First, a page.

Third, my dear, is the most difficult thing for me to write, as I do not want you to think I'm criticizing you. I'm not. Hiram, even though you followed it up with "you deserved 0%," you still seem to care that this student screwed up. If you don't and I'm wrong, then this is moot, but you really shouldn't care more than he did--because that's what it sounds like. Especially if the conversation lasted as long as it did. Save yourself. If you really do feel bad about what the kid earned, please, please, please get over it.
This is a conversation I had with a student yesterday. The classroom door locks automatically after 10 minutes:
Irate Irwin: "You left me in the hallway for the whole class."
Me: "You arrived after the door was locked."
Irate Irwin: "But I knocked half an hour into class the first time, then came back half an hour later."
Me: "The late policy is clearly outlined in the syllabus. I couldn't interrupt what I was doing with the class to get to the door."
Irate Irwin: "But I... ."
Me: "You arrived after the door was locked. See you Wednesday."
Was he more angry because I offered no sympathy? Probably. There were students in the hall who looked at me incredulously, too, students not in our class. On both accounts, I don't care. There are days when I can get to the door--which is clear across the room and around a corner, out of site of the teaching station--and there are days when I can't.
Our students too seldom equate their own lack of accountability with their own underachievement. I am sick of it. When they confront me--as they do every single tea-partying day, every tea-partying day--I am firm but polite.
I'm not suggesting you're not, Hiram. I admit it took me a long time to learn NOT to say, "I'm sorry, but...," but now that I have, life is easier.
You are right on every count, and I appreciate you telling it to me in a way that I really understand.
Thanks for the reminder, Greta! I use the qualifier "I'm sorry, but..." when I'm really NOT, and I am not using it anymore. Instead, I am calling attention to the inappropriate behavior they exhibit as a reason for the lower grade or penalty. That they, it's not a reflection of MY personality or behavior, but of theirs.Delete
PS. I have started using: "It's unfortunate that you chose to do x instead of y, which was required."Delete
It's an instinctive response ... here in the Great White North most people instinctively say "Sorry" when its the other dude that totally bumped into you [as has been parodied in too many tv skits etc]. I've recently tried hard to cut out the "I'm sorry, but..." - it slows down the start of the conversation, because you have to clearly think about how you're going to phrase your opening line, having tossed out the instinctive starting line.Delete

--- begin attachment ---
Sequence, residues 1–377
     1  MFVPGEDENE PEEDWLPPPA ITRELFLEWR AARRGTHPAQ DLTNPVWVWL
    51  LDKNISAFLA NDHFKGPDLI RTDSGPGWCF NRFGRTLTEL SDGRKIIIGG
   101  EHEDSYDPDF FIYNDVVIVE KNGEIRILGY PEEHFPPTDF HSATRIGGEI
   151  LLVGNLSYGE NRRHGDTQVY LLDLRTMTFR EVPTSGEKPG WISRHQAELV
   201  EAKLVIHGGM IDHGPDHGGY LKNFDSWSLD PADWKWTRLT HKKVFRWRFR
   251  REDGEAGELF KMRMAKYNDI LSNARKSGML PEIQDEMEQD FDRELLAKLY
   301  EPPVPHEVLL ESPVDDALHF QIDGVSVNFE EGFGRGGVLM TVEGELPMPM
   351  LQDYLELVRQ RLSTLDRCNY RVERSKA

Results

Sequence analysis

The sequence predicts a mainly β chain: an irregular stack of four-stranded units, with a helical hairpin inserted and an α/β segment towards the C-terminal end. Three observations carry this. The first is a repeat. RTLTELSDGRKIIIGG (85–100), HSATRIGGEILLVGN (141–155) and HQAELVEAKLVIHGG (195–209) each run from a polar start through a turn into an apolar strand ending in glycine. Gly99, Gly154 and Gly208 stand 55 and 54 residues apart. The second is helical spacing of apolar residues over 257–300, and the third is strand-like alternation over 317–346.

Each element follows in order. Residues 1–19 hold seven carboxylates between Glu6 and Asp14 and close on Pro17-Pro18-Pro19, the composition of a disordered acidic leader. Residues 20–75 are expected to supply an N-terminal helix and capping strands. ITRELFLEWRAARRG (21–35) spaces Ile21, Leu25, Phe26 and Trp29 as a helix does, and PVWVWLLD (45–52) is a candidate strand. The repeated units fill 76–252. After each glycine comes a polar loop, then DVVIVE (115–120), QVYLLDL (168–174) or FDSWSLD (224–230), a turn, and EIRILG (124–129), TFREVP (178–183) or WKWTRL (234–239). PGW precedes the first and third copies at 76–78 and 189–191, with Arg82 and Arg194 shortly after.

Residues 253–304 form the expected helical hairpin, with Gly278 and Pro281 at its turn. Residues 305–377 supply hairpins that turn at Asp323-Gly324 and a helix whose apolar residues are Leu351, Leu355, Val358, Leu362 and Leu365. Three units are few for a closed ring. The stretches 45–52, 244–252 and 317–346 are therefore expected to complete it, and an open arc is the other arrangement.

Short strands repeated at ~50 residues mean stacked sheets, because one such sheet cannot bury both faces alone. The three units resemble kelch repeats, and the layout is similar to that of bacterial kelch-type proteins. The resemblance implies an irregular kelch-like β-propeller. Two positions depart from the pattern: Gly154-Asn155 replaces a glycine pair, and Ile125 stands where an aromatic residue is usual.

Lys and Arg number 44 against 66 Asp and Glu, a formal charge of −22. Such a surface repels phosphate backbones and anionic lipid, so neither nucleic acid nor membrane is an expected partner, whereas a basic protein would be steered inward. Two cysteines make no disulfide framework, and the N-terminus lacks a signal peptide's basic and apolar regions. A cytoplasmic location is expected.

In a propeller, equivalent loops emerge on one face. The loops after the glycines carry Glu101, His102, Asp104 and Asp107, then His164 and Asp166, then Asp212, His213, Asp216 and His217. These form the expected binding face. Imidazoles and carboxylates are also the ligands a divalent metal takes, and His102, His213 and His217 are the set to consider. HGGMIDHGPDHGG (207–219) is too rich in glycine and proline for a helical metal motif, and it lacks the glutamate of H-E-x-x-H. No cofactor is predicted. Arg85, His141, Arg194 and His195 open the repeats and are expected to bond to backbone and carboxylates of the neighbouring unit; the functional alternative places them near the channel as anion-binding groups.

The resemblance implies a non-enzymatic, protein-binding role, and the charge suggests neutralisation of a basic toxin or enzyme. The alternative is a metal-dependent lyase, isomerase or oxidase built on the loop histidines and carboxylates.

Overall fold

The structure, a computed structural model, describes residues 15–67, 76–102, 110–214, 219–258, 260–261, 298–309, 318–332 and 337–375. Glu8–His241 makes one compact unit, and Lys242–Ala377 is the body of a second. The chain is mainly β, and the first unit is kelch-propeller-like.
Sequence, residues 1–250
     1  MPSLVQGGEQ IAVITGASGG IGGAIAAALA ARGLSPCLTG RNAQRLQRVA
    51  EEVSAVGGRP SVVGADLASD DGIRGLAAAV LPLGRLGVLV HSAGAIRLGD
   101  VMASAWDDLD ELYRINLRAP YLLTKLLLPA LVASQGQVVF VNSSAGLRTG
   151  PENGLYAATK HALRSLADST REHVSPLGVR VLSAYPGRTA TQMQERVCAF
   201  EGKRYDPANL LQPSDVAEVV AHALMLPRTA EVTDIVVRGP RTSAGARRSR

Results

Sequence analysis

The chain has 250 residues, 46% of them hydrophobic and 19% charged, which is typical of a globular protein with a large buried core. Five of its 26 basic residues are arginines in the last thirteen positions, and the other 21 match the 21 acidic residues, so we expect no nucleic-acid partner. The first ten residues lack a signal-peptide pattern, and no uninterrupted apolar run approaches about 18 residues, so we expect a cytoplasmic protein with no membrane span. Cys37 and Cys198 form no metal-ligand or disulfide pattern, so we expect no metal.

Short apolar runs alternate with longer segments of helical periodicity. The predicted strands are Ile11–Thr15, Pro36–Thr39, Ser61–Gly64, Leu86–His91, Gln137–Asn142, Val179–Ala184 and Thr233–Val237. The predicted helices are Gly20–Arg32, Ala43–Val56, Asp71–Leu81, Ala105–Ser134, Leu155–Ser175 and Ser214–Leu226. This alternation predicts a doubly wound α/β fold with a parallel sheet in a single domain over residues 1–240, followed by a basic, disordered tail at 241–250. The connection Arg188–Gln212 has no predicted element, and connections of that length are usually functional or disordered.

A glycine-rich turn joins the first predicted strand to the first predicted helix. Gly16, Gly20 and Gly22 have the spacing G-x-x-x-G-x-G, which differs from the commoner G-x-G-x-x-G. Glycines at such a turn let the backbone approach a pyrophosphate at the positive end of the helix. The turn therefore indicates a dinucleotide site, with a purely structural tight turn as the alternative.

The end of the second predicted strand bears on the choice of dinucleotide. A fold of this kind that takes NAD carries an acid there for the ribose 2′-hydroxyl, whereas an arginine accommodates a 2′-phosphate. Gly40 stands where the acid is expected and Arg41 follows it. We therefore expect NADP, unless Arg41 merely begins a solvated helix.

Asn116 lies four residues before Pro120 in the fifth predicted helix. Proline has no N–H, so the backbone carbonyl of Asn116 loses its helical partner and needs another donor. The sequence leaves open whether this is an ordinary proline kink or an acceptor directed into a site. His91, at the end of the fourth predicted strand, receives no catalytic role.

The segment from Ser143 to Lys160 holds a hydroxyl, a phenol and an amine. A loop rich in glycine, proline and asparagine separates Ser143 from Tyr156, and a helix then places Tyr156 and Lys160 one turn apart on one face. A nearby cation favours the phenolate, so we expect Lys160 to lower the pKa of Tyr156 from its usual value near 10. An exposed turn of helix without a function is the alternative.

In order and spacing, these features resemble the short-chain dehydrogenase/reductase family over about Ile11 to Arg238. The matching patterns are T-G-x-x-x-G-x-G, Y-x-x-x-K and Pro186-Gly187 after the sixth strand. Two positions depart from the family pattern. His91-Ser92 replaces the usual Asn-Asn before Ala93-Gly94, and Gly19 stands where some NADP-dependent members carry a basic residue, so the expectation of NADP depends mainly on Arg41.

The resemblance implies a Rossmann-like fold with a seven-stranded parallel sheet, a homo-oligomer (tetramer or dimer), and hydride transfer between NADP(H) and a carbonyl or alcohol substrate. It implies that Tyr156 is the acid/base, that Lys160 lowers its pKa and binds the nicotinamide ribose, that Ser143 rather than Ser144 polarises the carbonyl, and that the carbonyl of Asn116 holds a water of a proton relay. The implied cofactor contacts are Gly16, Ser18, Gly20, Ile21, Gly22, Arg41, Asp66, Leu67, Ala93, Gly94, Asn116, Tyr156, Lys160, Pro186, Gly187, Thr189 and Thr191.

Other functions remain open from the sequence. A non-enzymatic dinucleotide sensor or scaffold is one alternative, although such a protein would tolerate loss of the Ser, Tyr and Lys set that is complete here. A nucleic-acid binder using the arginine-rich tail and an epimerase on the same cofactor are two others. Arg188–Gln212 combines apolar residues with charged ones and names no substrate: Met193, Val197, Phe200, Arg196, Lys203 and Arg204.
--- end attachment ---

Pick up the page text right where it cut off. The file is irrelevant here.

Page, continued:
This comment has been removed by the author.ReplyDelete
Hiram, perhaps sharing some of the others' work in class would have helped him realize how completely off the topic he was. I suspect he's written about his grandfather's swing before and received accolades for being such a sensitive soul.ReplyDelete
I second this ...Delete
I had a student in Hamster Care & Feeding who had endured some similar care and feeding challenges in while growing up. However, in a graduate level course where the focus is on being able to demonstrate an ability to incorporate current research into Hamster Care & Feeding, retelling your story of personal triumph is irrelevant.
After being told this, the student responded with a rambling narrative of how the story has been shared with classmates in some of the clinical Care & Feeding sections after which the student was lauded for empathy and strength.
But the student still cannot find an article to support current Care & Feeding interventions and heaven forbid actually integrate such information into Care & Feeding practice.
I had a student who had a short writing assignment due last week, he even turned it in early. Then, he asked me afterwards what it was supposed to be about, and I said, "Well, it was compare and contrast ..." and he said, "Oh, I didn't really compare, I just sort of freestyled."ReplyDelete
Is my assignment a jazz band or a skateboard competition?
They make me crazy. Sometimes.
The first assignment for my third year class was to take method of evaluation X and apply it to text Y.ReplyDelete
When I opened the papers this weekend the very first one took method of evaluation X and applied it to some other text entirely, which I didn't have a copy of and which was (in any event) inappropriate for the assignment.
I stopped grading, checked the assignment instructions - which were perfectly clear, and even supplied a copy of text Y - and wondered what to do. Should I tell the student to redo the assignment? Grade it on its merits but take some off for not paying the slightest attention to the assignment? Give it 0 and pass on?
In the end, I read it through and it was mediocre, so I just graded it on its merits and let it go. But, I mean, WTF?
I put a zero on top of essays like that, then return them with the instruction that they can redo the assignment, properly this time, with a ten point penalty. I give them one week to do it. Fuck 'em if they don't want to follow directions.Delete
I do what Bella does.ReplyDelete
I always tell them that part of what they're being evaluated on for all their assignments is whether or not they can follow directions. That is actually pretty much the #1 step in evaluating their work: Does it do what the assignment asked? No? If not, then I put my pen down and I don't evaluate it any further.
I return it and tell them to redo it, the late penalty clock ticking the whole time. Most of them do this with little or no complaint (I don't negotiate about this, so they quickly realize complaining or wheedling about it is pointless) and hand it back in speedily; the others just accept the zero, which is really their choice.